Charlestown MP Jodie Harrison has accused the state government of encouraging Keolis Downer to “chop up” Newcastle’s bus network by offering it per-passenger incentive payments.
The company said in March that its passenger numbers were up 4.9 per cent in January, a year-on-year rise from 304,330 to 319,360.
But Hunter Labor MPs have argued that the company has divided some direct routes into two and sometimes three separate services under a new network introduced in January.
“Is this an incentive to make the routes shorter, forcing commuters to change buses, therefore increasing the patronage statistics and the patronage incentive payment?” Ms Harrison asked minister for transport Andrew Constance in parliament on Thursday.
“It is now becoming clear why the minister has been talking up additional services and increased patronage numbers – so he can reward Keolis Downer with a big, fat bonus which he signed off on in the contract.
“There is no question that the number of people using our buses needs to be increased. We all want that.
“But this patronage incentive payment rewards the bus operator for chopping bus routes up into pieces.”
She said the incentive payment was “hidden” on page 239 of the government’s “heavily redacted” 10-year contract with Keolis Downer.
Mr Constance responded by saying the government had given Keolis Downer an incentive to attract more people to public transport.
“We’ve seen, from January to January last year, an increase in patronage on Newcastle transport,” he said.
“So, absolutely, very happy to incentivise the private sector to operate the state’s bus network in the way that they do.”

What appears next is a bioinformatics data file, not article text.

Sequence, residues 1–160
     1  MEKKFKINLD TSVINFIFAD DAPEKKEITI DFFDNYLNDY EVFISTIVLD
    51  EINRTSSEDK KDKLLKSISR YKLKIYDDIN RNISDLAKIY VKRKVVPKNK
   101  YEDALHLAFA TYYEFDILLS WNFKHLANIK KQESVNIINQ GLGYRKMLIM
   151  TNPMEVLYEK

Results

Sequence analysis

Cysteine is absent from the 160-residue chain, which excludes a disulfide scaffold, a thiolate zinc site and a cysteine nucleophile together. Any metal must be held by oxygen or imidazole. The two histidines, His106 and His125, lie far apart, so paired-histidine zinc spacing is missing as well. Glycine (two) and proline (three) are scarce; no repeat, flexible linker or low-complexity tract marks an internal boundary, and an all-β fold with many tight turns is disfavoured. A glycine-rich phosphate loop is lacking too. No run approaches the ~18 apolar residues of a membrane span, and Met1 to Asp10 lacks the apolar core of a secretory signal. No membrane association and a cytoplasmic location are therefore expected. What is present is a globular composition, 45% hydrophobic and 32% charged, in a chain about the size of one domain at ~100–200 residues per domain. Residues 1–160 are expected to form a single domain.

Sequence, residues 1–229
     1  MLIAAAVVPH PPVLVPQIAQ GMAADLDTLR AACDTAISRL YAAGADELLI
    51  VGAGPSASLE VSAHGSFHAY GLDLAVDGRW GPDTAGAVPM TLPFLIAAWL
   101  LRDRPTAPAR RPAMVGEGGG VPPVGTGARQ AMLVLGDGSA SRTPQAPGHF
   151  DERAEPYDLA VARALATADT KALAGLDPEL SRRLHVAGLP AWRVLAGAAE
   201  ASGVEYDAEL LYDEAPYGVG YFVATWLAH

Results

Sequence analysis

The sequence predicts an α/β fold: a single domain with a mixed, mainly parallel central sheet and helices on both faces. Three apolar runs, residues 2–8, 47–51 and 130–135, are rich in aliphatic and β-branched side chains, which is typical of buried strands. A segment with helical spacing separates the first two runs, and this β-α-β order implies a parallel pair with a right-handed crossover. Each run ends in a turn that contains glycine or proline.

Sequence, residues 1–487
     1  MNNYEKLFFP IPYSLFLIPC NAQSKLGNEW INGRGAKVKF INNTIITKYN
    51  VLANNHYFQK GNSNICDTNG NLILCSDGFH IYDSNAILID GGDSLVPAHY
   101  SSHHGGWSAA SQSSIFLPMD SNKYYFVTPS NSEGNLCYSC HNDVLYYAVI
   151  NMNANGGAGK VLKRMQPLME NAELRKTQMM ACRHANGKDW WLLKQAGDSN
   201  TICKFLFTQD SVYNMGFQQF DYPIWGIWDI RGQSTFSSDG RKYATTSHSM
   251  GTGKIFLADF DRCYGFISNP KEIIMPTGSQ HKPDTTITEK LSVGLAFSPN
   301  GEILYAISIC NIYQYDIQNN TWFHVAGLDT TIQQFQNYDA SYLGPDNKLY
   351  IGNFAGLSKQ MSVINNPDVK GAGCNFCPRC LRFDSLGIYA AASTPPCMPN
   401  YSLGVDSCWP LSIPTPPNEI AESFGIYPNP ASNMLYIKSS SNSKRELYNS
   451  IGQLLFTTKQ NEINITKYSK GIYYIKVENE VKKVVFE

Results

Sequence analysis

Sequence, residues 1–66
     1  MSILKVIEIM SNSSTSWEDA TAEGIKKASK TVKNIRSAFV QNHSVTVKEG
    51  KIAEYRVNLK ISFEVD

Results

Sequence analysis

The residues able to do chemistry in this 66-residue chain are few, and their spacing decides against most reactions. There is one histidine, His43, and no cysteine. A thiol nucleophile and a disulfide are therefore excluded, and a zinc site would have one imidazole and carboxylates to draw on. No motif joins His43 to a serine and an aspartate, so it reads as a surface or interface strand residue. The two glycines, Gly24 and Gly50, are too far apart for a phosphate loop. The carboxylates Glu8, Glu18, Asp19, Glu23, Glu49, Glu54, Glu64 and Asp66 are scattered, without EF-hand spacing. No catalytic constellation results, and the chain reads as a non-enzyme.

The government and Keolis Downer have foreshadowed route changes in light of customer complaints and two public rallies since the new network began.
The new timetable will not be released until next month, but Keolis Downer said on Thursday that the changes would have a “minor” knock-on effect on other services.
“Bus network refinements will see minor adjustments to other timetables as we work to optimise resources and better meet customer demand,” a company spokesperson said.
Wallsend MP Sonia Hornery feared the changes could lead to cuts in her electorate.
“From what I have been told by people working closely on the review, there are going to be cuts to services from Wallsend to Newcastle,” she said.
“I have also been advised that … all of the small changes that should be made to improve the service will be ignored.
“Residents in parts of Shortland will still not be able to get to their nearest major shopping centre at Jesmond without going to Wallsend and changing buses.
“I don't want a complete reversion to the old routes and timetables. I am happy to admit there have been some improvements in services.”
Transport for NSW weighed into the debate on Thursday night, saying the number of passengers transferring from one bus to another had changed little since the new network began.
“Newcastle went more than 10 years without any changes to its bus network and passenger numbers sank to a point where only three per cent of the local population used public transport,” a spokesperson told the Herald.
“The transport network was overhauled this year, based on data and the feedback of passengers and drivers.
“The result is more than 1200 additional services, providing more options to get people where they want to go.
“The total number of people changing buses remains low, with an increase of just 2.5 per cent compared to the old network. Still less than one in five passengers changes bus services.
“We will not apologise for implementing a system that encourages the operator to meet the needs of more in the community and to improve its service.”
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